Several years ago, I got an article from a friend called “Stories within Stories: Finding God in The Lord of the Rings,” by Jim Ware (written for Focus on the Family, December 2001). I’ve held onto it over the years because it spoke to me.
It begins discussing the relationship between CS Lewis and JRR Tolkien (Professors from the Magdalen College, Oxford circa 1931). They were talking about how amazing trees are, and how the word ‘tree’ falls short of expressing what a majestic thing a tree is.
Tolkien said, “Just as a word is an invention about an object of an idea, so a story can be an invention about truth.”
Now I quote from the article, “Their long talk about symbols and verbal inventions was just the beginning. Through the years, Lewis and Tolkien spent long hours refining their ideas and incorporating them into literary art in order to find ways of pouring the steaming, bubbling, heady stuff of the Real Story [that of the Savior – the Christian story] into molds of their own invented stories.”
The author discusses CS Lewis stating; “Lewis made no secret of his intentions. He once asked himself, reflecting on the nature of God, the sufferings of Christ and other fundamental Christian truths: Supposing that by casting all these things into an imaginary world, stripping them of their stained-glass and Sunday School associations, one could make them for the first time appear in their real potency? This, he said, is exactly what he was trying to do in the Chronicles of Narnia.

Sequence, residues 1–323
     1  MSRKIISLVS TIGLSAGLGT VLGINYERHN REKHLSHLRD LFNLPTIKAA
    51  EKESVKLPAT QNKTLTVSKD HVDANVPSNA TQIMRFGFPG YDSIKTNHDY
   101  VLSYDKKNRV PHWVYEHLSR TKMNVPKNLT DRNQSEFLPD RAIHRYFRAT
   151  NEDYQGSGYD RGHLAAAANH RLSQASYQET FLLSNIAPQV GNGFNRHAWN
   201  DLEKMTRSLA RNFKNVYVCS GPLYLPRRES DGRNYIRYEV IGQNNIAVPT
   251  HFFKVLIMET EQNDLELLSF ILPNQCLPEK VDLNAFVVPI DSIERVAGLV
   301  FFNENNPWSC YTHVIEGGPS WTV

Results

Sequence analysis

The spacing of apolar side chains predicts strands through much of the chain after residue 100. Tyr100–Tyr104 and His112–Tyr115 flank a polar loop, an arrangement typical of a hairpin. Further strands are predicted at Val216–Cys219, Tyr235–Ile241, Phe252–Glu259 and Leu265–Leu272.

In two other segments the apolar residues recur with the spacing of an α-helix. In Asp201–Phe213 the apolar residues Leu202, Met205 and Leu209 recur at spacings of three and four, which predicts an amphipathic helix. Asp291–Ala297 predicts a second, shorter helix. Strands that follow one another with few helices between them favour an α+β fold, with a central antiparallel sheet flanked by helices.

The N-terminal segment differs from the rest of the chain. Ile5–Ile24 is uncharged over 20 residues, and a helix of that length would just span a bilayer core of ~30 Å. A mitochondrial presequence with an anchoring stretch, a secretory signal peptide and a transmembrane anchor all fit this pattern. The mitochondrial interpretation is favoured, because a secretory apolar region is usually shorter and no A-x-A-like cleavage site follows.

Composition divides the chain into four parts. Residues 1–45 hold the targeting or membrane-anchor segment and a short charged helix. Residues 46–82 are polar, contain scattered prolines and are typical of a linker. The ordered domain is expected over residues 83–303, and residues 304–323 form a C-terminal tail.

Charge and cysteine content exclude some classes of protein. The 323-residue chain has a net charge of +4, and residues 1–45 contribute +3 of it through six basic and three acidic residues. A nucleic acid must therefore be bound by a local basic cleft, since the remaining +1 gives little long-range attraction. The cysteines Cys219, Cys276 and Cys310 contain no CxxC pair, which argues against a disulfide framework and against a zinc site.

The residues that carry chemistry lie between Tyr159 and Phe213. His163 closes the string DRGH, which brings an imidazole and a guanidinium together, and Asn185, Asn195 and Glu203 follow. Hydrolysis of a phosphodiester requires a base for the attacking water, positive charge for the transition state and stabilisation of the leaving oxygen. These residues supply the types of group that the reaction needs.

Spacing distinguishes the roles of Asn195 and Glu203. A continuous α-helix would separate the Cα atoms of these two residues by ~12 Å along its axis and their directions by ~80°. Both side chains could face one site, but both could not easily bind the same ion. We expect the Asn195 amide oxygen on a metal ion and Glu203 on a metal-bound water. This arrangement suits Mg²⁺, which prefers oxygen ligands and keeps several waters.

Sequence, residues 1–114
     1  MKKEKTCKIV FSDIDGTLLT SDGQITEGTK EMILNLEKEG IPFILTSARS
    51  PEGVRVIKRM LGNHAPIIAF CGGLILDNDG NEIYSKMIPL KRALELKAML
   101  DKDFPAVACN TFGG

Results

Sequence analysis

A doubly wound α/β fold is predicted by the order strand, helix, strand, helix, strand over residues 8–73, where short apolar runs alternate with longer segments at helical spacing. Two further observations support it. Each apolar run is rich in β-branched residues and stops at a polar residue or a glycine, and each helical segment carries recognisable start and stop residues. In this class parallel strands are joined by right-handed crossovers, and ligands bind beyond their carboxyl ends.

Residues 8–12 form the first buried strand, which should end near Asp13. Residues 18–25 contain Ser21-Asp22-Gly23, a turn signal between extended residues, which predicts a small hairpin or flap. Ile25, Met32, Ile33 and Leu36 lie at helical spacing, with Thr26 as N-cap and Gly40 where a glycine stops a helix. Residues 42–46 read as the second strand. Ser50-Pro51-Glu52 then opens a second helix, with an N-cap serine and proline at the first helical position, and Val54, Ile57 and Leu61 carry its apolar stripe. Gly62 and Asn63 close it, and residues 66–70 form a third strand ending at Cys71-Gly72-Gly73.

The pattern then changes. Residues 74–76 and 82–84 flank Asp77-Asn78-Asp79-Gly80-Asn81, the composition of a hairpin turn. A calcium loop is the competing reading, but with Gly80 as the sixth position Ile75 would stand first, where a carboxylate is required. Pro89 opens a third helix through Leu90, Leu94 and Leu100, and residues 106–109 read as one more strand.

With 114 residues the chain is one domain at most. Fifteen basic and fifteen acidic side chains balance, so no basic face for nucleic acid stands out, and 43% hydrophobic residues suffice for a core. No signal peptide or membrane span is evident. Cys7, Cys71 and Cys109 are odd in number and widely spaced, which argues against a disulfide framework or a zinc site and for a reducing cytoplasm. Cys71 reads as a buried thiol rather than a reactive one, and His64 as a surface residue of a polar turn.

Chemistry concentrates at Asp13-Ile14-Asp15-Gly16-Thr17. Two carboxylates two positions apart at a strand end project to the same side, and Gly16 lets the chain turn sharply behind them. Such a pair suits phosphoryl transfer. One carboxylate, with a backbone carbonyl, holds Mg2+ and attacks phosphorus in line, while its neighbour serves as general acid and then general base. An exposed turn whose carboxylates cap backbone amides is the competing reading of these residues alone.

About Tolkien, he wrote to a friend saying, “The Lord of the Rings is of course a fundamentally religious and Christian work, unconsciously so at first, but consciously in revision.” Ware went on to quote from Tolkien’s authorized biographer, Humphrey Carpenter, who stated that Tolkien’s work is that of a very religious man and that God is essential to everything that happens in LOTR. “Without Him, Middle earth couldn’t exist.”
Finally, the author finishes with the following: “A late night in the spring  …, Lewis’ sitting room is strewn with papers books, and empty teacups, Lewis yawns and stretches. “Tollers,” he says as Tolkien gets up to leave, “There is too little of what we like in stories. I am afraid we shall have to try and write some ourselves.” ”
I couldn’t agree more!!!